Irish fear ‘dangerous’ contest for Brexit jobs
Ireland fears some rival countries are using lower regulatory standards to lure financial jobs moving as a result of Brexit.
Financial Services Minister Eoghan Murphy raised the concerns at a meeting with European Commission vice-president Valdis Dombrovskis, the Department of Finance confirmed last night.
Its understood the single banking regime in place across the EU means there is less scope for countries to try to curry favour with banks by offering lighter-touch regulation.
However, that’s less true when it comes to insurance, funds and markets. Last week, US insurer AIG opted for Luxembourg as its EU base, over Ireland, despite showing an earlier interest in coming here.
There is no suggestion Luxembourg offered sweeteners to win it around, but it shows long-term decisions are already being made about post-Brexit locations, even before UK Prime Minister Theresa May formally triggers the exit.
AIG said its move was driven by Luxembourg’s role as an EU founding member and its closeness to continental markets.
“Other cities in Europe are being very aggressive in trying to win business,” Eoghan Murphy told Reuters yesterday, warning of “dangerous competition”.
Ireland raised fears that a race to the bottom to win jobs risked undoing the tougher regulations brought in across Europe after the crash.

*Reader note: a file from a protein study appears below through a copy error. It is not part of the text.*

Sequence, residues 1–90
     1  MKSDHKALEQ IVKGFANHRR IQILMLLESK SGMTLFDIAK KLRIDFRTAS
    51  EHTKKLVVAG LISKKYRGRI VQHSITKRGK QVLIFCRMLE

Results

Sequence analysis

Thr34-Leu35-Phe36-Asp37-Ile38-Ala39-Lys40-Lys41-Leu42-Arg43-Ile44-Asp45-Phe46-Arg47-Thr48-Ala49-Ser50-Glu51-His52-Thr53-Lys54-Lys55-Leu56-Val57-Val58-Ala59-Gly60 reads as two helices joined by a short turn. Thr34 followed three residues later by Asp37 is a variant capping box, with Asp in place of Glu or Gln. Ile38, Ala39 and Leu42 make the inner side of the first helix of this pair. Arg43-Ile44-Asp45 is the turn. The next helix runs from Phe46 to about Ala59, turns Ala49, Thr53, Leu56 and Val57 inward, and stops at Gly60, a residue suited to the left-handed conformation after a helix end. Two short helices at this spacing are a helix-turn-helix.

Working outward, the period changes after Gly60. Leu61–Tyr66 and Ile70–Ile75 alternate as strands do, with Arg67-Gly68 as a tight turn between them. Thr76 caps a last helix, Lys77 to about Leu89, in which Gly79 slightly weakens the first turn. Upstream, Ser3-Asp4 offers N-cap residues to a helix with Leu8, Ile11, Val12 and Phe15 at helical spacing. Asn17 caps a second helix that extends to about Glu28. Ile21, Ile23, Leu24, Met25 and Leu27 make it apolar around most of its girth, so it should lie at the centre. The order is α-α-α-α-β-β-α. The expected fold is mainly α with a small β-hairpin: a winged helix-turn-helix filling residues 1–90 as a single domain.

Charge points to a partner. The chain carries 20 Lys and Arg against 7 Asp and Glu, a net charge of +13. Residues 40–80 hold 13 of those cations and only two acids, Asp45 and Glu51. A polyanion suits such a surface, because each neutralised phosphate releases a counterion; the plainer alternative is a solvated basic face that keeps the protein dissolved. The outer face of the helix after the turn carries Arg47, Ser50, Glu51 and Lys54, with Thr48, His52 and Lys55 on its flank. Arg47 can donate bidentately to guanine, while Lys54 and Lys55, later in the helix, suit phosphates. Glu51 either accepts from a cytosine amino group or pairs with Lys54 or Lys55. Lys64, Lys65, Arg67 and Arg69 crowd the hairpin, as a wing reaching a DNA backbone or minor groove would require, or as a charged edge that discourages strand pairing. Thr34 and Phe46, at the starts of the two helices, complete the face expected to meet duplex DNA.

The Central Bank has been surprised by the high level of interest from firms looking at potentially moving here as a result of Brexit, outgoing deputy governor Cyril Roux told a meeting of the Central Bank Commission, which oversees the regulator, in January.
“The levels of interest were larger than had been initially anticipated,” the Commission was told, according to minutes of the meeting published yesterday.
At the same meeting, Governor Philip Lane said the Central Bank had consistently set out its position on applications for authorisation.
Any firm looking to be licensed here needed to satisfy authorities that the “risks associated with the business of the entity were governed, remunerated, managed and mitigated in, and by, that entity”.
Yesterday, the Central Bank Director of Credit Institutions Supervision, Ed Sibley, echoed Eoghan Murphy. Irish regulators were working hard to ensure that there is no regulatory race to the bottom in the search for the “crumbs of comfort that are falling from the Brexit plate,” Mr Sibley said.
Two of the world’s biggest banks have signalled their interest in coming here.
Bank of America sees Dublin as its “default destination” for a new hub inside the European Union if Brexit costs the UK its easy access to the single market, said Nikolaus Naerger, who heads its corporate banking in Germany, Switzerland and Austria.
Bank of America already has a operations in Dublin, which is why it is the default option, Naerger said.
And Bank of China has confirmed a presence here — the Central Bank has said a branch of its UK arm has been cleared to operate here.
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